The academic environment and skills-based outcomes of the SLLC Program, by comparison, are less clear. While we are already successful in encouraging peer accountability and study ability in the residence hall, our students still reported struggling to integrate their academic and social lives in consistently productive ways. For instance, SLLC students reported being less satisfied by the noise level in their residence hall than their peers did, an outcome that did not surprise or otherwise alarm us. After all, we intentionally set out to create a vibrant community of practice that provides students with the tools necessary to make positive decisions and affect change in both their academic and social lives. As we continue to tweak the SLLC Program and its structure and curriculum, we remain hopeful that additional program benefits will accrue. As Stassen (2003) points out, however, self-selection bias is an important consideration when evaluating the impacts of LLCs, particularly in cases where institutions allow students to choose whether to participate in or opt out of a LLC. 

Beyond its positive student outcomes, the SLLC Program is also spurring efforts to reimagine the first-year student experience at the Colleges. Prior to the first cohort of SLLC students arriving on campus in fall 2014, faculty and staff rarely had the opportunity to interact, let alone build and administer a program together. In addition, there were few institutional structures in place to encourage greater levels of intersection between students’ academic and social lives. The SLLC Program’s early successes continue to inspire new partnerships between Academic Affairs and Campus Life. Recent renovations of several other first-year residence halls mean that we can now support up to 12 LLCs of various size and configurations each year. As a result, more HWS students than ever have the opportunity to participate in a themed community of practice if they so choose. Meanwhile an increasing number of faculty are actively collaborating with colleagues in Campus Life, namely the Office of Residential Education, to develop innovative curricular, co-curricular, and residential programming for our students.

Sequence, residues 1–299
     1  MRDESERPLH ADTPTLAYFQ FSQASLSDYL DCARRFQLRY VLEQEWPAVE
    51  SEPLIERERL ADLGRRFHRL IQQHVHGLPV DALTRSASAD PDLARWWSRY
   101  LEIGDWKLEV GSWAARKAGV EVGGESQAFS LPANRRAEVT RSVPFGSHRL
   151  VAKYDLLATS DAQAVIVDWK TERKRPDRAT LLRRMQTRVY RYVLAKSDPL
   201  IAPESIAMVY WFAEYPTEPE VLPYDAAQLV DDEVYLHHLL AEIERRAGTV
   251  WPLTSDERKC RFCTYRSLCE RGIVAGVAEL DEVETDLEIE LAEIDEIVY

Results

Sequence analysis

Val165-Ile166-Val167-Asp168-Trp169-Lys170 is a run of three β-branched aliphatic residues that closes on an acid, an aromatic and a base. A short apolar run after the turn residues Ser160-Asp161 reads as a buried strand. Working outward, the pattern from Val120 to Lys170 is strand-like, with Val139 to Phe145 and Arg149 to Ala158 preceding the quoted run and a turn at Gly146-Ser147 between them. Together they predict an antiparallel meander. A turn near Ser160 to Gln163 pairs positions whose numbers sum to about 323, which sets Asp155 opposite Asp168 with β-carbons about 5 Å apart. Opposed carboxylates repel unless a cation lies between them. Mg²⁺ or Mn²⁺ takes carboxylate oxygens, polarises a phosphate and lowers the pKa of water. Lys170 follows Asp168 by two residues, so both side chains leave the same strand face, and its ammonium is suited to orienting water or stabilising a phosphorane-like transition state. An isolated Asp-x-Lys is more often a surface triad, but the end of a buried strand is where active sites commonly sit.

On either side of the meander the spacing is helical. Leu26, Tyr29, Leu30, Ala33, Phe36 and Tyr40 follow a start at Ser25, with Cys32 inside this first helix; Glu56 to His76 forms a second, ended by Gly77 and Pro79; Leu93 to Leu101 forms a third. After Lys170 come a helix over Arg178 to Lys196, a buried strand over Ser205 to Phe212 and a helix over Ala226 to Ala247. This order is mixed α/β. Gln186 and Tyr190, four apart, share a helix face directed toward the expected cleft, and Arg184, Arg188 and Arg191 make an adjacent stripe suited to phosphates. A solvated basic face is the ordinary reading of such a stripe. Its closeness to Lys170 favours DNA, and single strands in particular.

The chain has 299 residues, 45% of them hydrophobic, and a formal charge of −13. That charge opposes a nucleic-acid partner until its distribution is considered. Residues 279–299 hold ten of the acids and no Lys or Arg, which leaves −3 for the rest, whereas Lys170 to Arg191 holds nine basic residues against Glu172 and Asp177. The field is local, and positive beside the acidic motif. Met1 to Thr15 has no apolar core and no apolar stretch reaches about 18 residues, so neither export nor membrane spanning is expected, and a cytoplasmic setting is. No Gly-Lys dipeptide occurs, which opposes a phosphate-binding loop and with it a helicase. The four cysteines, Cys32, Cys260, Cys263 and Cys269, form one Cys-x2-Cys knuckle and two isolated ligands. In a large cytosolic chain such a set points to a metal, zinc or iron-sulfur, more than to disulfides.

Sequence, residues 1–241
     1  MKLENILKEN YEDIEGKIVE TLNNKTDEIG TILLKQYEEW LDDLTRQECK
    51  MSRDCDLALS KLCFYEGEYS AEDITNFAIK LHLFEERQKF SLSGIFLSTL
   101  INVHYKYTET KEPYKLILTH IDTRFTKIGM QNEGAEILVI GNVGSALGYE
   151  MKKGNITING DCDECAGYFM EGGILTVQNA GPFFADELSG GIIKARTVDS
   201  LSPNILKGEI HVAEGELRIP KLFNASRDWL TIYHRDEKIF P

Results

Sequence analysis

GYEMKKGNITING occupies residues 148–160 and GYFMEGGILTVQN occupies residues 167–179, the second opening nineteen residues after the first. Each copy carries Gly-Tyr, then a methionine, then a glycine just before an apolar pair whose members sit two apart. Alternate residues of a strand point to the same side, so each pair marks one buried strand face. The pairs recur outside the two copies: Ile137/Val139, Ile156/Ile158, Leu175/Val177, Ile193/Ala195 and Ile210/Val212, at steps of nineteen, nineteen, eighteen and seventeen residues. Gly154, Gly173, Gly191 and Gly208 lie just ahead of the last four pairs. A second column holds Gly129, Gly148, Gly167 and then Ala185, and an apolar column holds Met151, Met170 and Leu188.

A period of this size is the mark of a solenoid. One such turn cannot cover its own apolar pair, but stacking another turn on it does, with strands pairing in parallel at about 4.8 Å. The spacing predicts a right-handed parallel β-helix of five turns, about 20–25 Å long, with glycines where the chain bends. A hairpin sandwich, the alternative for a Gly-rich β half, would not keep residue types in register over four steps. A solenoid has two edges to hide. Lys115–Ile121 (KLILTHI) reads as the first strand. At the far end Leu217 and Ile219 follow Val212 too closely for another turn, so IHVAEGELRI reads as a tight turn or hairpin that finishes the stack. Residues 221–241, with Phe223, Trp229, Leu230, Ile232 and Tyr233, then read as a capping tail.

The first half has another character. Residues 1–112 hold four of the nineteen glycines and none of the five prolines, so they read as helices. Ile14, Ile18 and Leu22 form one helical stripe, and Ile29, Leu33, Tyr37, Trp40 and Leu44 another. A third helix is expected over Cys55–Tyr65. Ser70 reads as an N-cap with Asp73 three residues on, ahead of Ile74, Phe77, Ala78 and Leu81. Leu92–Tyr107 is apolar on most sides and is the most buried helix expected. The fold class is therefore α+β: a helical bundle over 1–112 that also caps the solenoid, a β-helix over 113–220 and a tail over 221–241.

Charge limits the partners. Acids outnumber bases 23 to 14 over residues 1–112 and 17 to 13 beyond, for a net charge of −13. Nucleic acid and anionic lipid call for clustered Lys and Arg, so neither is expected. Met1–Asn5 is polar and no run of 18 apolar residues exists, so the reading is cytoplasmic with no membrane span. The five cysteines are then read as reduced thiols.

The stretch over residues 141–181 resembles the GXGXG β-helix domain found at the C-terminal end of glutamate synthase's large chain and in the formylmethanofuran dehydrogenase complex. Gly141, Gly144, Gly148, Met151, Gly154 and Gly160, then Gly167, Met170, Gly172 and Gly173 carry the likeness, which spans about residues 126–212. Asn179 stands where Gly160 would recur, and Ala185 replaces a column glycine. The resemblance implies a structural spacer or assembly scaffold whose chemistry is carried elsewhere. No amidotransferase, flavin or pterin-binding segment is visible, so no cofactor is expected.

While we have yet to conclude that the SLLC Program is achieving all of its initial goals, we are encouraged by what we have been able to achieve in three short years. In addition to being able to foster a stronger sense of belonging and community among first-year students using sustainability education, we are beginning to witness the ways in which increasing opportunities for faculty-staff collaboration can enhance the quality of everyone’s campus experiences.

References

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Evans, T.L. (2015). Finding heart: Generating and maintaining hope and agency through sustainability education.  Journal of Sustainability Education, 10. Retrieved from   http://www.jsedimensions.org/wordpress/content/finding-heart-generating-and maintaining-hope-and-agency-through-sustainability-education_2015_11/

Delind, L.B. & Link, T. (2004). Place as the nexus of a sustainable future: A course for all of us. In P.F. Bartlett & G.W. Chase (Eds.), Sustainability on Campus: Stories and Strategies for Change (pp.121-137). Cambridge, MA: MIT Press.

Gerdes, H. and Mallinekrodt, B. (1994). Emotional, social, and academic adjustment of college students: A longitudinal study of retention. Journal of Counseling and Development72(3), 281-288.

Howlett, C., Ferreira, J.-A., & Blomfield, J. (2016). Teaching sustainable development in higher education: Building critical, reflective thinkers through an interdisciplinary approach. International Journal of Sustainability in Higher Education, 17(3), 305-321.

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McClam, S., Cass, A., Connors, C., Frawley, D., McPartin, A., Orifici, C., & Papernik, L. (2015). Collaboratively creating and sustaining hope and agency. Journal of Sustainability Education, 10. Retrieved from http://www.susted.com/wordpress/content/collaboratively-creating-and-sustaining-hope-and-agency_2015_12/ 

McClam, S., Cass, A., Connors, C., Frawley, D., McPartin, A., Orifici, C., & Papernik, L. (2015). Collaboratively creating and sustaining hope and agency. Journal of Sustainability Education, 10. Retrieved from http://www.susted.com/wordpress/content/ collaboratively-creating-and-sustaining-hope-and-agency_2015_12/

Stassen, M.L.A. (2003). Student outcomes: The impact of varying living-learning community models. Research in Higher Education, 44(5), 581-613.

Tinto, V., Love, A. G., & Russo, P. (1994). Building Learning Communities for New College Students: A Summary of Research Findings of the Collaborative Learning Project, University Park, PA: National Center for Postsecondary Teaching, Learning, and Assessment.